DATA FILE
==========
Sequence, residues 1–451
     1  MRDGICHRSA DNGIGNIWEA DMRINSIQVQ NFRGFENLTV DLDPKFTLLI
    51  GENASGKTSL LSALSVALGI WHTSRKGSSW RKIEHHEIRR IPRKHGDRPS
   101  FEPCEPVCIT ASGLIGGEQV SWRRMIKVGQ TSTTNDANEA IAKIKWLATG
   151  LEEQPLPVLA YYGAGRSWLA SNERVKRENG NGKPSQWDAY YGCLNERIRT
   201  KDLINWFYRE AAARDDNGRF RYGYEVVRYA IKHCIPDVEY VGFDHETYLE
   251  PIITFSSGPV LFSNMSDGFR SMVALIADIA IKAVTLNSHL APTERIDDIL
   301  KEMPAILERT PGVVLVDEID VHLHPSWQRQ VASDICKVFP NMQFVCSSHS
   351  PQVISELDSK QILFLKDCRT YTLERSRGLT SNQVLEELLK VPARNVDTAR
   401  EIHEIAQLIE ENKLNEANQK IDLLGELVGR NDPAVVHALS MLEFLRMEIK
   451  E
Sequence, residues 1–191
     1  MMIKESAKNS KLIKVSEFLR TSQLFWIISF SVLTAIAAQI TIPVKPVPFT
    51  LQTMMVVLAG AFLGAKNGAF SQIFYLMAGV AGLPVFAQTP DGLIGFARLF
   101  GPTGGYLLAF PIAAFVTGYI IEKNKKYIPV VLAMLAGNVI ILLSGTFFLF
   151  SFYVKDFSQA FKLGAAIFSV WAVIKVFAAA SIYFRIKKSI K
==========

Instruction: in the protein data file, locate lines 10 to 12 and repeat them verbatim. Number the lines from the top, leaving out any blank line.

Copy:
   401  EIHEIAQLIE ENKLNEANQK IDLLGELVGR NDPAVVHALS MLEFLRMEIK
   451  E
Sequence, residues 1–191